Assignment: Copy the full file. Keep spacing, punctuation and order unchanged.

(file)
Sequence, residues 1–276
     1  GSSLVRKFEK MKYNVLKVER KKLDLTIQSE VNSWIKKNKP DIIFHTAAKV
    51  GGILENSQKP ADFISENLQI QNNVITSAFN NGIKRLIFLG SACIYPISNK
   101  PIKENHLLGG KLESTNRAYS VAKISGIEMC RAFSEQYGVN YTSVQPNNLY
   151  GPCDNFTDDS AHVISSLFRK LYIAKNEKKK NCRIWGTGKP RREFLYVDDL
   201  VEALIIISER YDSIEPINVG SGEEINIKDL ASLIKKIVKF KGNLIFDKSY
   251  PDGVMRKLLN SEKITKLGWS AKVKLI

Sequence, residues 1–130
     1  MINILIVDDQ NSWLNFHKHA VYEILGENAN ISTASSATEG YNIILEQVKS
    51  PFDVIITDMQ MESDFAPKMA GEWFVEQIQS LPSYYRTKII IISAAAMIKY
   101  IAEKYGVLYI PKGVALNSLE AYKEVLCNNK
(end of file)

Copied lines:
Sequence, residues 1–276
     1  GSSLVRKFEK MKYNVLKVER KKLDLTIQSE VNSWIKKNKP DIIFHTAAKV
    51  GGILENSQKP ADFISENLQI QNNVITSAFN NGIKRLIFLG SACIYPISNK
   101  PIKENHLLGG KLESTNRAYS VAKISGIEMC RAFSEQYGVN YTSVQPNNLY
   151  GPCDNFTDDS AHVISSLFRK LYIAKNEKKK NCRIWGTGKP RREFLYVDDL
   201  VEALIIISER YDSIEPINVG SGEEINIKDL ASLIKKIVKF KGNLIFDKSY
   251  PDGVMRKLLN SEKITKLGWS AKVKLI

Sequence, residues 1–130
     1  MINILIVDDQ NSWLNFHKHA VYEILGENAN ISTASSATEG YNIILEQVKS
    51  PFDVIITDMQ MESDFAPKMA GEWFVEQIQS LPSYYRTKII IISAAAMIKY
   101  IAEKYGVLYI PKGVALNSLE AYKEVLCNNK